In the 1940s, Necco Wafers saw a huge rise in popularity as the government ordered them to be included in ration kits for soldiers fighting in the second world war. They were especially important to those fighting in tropical environments where heat was an issue. Not exactly a substitute for mom’s home cooking, but you’ve got to start somewhere.
If it ain’t broke, don’t fix it.
Things in Necco-Wafer Land remained basically the same until 2009 when the formula was changed to an All Natural version. The idea didn’t come from the same folks who changed the long-beloved original CocaCola formula, but the change made candy lovers livid. The company changed back to the old-school formula two years later.
Clark Bars are an American institution near and dear to our black-and-gold Pittsburgh Hearts. They were formulated right here in our hometown of McKeesport, PA at the turn of the century by a gentleman named David L. Clark. The candy bar was originally made just a few blocks from the warehouse where our candy company has resided since 1927! Since our founder Ernest Prince was friendly with Mr. Clark, we were probably the very FIRST candy wholesalers in the nation to offer this treat.
The company later changed its name to “DL Clark Company” and moved to downtown Pittsburgh. It graced the city with an illuminated candy-bar sign and remained until 1955 when it was acquired by Beatrice Foods. Over the years, they would be acquired by Leaf Confections and then again by Hershey, who returned the candy bar and its headquarters to its roots in Pittsburgh. It remained for three short but blissful years until New England Confectionary Company acquired it.
Despite Clark’s many owners and a few controversial ingredient changes (that were fortunately reversed), Clark Bars remain a tried-and-true classic combination of crunchy peanut butter and creamy milk chocolate. Today, this retro candy qualifies as a piece of edible Americana.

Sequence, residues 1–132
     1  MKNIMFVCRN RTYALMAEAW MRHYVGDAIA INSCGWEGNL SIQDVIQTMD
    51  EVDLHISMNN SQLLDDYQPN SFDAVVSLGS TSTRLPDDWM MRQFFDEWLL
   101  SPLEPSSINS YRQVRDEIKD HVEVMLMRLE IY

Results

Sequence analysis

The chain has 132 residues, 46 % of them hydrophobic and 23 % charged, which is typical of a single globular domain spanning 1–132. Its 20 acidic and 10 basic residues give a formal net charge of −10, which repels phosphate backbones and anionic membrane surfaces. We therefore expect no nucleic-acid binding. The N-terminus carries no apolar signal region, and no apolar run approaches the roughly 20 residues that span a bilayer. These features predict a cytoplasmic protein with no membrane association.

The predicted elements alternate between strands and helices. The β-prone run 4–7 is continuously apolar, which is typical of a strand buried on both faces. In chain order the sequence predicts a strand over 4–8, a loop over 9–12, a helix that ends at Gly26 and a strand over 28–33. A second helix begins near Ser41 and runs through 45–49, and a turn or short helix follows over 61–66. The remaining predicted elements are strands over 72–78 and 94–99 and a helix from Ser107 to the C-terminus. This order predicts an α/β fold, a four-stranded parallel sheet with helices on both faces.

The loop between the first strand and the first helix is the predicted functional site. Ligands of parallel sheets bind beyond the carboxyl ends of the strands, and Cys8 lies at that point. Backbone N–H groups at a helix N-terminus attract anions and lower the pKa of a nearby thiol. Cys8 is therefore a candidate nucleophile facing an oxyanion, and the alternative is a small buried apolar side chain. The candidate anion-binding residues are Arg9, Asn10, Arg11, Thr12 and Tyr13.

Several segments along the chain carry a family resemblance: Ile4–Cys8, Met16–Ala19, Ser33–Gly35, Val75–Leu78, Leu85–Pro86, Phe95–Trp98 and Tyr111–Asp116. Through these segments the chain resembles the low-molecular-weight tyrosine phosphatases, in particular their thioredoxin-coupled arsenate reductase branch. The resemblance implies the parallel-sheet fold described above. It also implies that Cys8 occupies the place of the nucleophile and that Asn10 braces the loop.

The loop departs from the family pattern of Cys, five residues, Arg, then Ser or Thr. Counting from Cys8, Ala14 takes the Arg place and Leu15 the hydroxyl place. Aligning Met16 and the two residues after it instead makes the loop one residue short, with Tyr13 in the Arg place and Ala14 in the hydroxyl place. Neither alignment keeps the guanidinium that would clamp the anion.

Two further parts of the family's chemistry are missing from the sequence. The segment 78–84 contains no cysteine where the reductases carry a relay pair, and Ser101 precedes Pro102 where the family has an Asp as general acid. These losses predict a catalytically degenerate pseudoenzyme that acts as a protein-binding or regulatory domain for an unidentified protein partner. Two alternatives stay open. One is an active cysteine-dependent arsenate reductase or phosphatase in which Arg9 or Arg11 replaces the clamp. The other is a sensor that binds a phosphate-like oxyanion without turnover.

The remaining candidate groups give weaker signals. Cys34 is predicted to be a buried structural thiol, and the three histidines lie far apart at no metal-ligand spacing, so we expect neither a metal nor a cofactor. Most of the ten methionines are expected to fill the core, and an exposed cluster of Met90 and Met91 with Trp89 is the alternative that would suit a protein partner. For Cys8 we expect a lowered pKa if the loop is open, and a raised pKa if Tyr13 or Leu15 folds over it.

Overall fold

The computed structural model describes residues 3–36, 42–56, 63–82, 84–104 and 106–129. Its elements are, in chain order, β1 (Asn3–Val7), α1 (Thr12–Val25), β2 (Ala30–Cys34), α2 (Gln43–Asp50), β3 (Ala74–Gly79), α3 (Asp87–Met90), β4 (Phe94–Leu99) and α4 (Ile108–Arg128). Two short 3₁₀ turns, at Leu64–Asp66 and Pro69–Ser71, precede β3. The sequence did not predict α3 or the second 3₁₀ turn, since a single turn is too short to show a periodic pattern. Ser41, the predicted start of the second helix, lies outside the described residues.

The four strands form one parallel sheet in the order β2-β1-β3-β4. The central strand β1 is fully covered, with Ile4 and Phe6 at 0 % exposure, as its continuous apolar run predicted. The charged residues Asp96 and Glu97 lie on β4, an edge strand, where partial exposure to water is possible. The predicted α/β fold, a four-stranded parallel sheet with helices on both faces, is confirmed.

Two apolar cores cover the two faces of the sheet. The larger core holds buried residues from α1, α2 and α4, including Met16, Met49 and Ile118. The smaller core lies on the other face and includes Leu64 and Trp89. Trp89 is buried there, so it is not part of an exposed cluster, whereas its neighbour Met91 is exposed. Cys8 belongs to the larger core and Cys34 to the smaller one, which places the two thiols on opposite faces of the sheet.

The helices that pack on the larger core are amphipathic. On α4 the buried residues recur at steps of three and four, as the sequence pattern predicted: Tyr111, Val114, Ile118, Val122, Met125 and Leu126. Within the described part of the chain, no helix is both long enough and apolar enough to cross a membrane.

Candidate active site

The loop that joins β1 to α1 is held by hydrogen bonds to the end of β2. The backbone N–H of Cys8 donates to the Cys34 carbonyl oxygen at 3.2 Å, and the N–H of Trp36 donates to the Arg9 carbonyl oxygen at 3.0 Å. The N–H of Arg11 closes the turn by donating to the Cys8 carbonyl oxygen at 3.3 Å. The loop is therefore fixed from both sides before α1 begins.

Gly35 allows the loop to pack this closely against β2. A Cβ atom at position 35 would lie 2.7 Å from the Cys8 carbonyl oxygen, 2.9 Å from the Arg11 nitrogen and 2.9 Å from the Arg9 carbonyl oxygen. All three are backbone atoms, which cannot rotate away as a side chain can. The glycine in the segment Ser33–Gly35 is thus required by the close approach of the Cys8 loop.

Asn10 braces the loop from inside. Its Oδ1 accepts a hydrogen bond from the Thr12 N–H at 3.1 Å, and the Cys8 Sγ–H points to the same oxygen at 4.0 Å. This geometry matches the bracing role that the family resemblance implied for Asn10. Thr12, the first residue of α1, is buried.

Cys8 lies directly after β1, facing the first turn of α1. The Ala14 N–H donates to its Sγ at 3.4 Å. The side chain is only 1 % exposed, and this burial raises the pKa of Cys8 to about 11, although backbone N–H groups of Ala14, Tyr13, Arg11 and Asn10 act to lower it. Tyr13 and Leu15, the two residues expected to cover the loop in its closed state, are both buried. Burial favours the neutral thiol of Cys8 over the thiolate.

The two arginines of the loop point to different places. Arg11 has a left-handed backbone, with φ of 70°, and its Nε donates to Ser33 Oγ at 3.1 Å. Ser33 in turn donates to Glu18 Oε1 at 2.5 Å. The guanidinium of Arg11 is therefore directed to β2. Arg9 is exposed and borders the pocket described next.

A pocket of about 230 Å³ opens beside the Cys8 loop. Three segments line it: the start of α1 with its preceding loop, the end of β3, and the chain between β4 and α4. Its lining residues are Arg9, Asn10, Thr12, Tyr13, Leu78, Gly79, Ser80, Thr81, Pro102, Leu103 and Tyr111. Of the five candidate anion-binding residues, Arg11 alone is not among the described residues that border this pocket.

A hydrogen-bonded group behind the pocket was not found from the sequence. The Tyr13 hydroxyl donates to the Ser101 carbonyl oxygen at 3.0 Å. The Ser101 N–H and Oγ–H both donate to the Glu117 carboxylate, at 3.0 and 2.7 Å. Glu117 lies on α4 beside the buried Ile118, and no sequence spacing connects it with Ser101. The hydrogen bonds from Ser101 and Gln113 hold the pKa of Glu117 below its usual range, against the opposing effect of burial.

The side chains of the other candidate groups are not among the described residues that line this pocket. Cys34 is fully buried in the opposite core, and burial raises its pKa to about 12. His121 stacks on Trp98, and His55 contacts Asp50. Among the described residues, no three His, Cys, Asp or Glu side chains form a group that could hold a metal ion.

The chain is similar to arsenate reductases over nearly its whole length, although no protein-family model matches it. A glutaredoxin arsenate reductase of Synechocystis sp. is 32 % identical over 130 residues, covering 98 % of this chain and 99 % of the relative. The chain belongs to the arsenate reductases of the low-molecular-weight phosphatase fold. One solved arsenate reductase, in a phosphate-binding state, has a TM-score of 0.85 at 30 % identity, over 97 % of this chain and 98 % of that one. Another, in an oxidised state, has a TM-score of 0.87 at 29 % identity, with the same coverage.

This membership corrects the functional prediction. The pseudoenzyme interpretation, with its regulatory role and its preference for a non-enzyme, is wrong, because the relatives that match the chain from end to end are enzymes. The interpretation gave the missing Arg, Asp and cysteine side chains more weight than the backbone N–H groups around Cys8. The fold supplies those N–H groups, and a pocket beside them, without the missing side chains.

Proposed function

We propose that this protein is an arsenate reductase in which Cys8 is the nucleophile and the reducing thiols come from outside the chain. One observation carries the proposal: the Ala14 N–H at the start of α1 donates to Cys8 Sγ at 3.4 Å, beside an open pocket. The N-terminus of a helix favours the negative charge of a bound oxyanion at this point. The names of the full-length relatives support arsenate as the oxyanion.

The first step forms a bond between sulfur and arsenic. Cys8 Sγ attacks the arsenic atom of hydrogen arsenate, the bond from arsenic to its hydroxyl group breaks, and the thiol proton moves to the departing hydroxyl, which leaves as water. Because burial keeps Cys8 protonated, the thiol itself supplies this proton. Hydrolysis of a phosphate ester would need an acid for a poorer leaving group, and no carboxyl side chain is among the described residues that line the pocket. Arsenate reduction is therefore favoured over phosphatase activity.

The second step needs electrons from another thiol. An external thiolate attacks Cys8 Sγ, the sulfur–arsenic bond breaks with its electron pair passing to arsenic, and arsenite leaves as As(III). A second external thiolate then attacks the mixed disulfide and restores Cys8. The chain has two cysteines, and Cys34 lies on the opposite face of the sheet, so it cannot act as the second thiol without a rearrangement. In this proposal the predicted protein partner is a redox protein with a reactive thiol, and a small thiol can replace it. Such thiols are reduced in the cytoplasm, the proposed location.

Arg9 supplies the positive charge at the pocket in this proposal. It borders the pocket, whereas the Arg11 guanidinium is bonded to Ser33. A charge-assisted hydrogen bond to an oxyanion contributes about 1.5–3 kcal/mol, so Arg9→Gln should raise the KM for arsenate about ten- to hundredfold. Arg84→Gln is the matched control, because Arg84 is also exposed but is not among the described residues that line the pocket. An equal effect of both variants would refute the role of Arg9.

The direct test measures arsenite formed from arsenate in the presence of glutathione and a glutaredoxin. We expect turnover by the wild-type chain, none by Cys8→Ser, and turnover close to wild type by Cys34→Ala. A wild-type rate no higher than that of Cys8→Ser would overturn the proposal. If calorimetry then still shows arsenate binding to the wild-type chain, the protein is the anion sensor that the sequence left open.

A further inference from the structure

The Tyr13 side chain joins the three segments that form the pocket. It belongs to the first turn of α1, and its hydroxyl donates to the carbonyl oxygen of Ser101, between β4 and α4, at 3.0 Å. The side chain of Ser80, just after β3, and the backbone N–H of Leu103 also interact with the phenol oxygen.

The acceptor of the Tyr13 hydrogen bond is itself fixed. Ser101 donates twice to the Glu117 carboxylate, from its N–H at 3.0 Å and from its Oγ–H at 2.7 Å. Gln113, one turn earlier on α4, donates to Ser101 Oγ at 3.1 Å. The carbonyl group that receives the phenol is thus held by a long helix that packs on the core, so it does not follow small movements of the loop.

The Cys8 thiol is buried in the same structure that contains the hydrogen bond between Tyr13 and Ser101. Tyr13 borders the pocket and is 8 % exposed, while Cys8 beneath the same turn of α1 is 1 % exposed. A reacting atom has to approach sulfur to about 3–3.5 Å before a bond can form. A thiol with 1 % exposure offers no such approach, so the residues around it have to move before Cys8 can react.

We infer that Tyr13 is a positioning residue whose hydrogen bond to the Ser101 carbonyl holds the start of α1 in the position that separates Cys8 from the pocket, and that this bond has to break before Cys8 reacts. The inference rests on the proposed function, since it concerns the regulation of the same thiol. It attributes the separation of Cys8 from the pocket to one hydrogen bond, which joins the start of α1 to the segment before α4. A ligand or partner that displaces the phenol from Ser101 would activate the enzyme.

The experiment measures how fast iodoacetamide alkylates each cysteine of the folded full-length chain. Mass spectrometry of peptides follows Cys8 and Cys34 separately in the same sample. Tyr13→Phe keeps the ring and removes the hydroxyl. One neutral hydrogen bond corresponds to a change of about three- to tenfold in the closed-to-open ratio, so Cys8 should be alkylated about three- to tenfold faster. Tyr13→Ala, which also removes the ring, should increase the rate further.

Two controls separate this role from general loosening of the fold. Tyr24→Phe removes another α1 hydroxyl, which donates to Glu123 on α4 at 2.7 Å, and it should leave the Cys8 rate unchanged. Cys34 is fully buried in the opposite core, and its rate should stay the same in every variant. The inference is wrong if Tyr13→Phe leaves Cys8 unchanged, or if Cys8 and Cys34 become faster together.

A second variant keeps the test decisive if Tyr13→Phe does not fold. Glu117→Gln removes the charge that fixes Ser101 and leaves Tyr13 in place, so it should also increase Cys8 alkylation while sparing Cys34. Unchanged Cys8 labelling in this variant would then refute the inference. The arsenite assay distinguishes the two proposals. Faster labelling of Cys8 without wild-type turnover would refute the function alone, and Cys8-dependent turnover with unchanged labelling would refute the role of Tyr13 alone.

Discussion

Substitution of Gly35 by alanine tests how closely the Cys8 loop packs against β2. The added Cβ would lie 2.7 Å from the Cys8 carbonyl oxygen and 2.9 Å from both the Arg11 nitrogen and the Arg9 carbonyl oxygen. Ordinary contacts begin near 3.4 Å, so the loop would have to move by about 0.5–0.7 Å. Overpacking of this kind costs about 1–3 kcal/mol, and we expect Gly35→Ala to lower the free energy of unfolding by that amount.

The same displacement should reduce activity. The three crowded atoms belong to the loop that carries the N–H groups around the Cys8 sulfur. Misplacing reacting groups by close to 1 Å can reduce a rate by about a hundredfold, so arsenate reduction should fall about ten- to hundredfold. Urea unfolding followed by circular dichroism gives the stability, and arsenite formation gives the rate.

This candy history blog post is brought to you courtesy of guest blogger Esther of Why’d You Eat That?
These days, candy corn is a given when it comes to Halloween. You see it at every party, in every store window display, and eat it by the handful while driving home from a really depressing day at the office only to discover stray kernels months later.
What I’m saying is candy corn has become kind of commonplace. It’s become expected, really. But that hasn’t always been the case. Candy corn used to be an exciting innovation. I know, right? Candy corn an innovation. Crazy, right? Not so much. That tri-color technology was mind-blowing.
The lil’ nibbles were invented by George Renniger, an employee of the Wunderlee Candy Company in Philadelphia. While Wunderlee is credited with being the first to sell commercially, the sale and production of candy corn is mostly attributed to Goelitz Confectionary Company. The candy corn business was started by the second generation of Goelitz candy makers in 1898. It kept the company afloat through the Great Depression and WWI and II. You may not have heard of Goelitz before. That’s because they changed their name to Jelly Belly.
At the beginning, candy corn was actually called “chicken feed.” This made sense considering in those days corn was chicken feed. People didn’t eat corn the way we do today, mainly cause it tasted icktastic. Chicken feed (the candy) had no association with Halloween or fall. It was, however, a seasonal candy due to the tedious nature of the work. Chicken feed was only available between March and November.
Candy corn was a type of “mellow cream.” A mellow cream (or mellocreme or mellowcream or mellowcreme) candy is made from corn syrup and sugar with marshmallow flavor. Goelitz originally called them butter cream candies. However, there was pressure to change the name in the 1950s since there wasn’t any actual butter in the recipe. False advertising, my friends. It shall not be tolerated.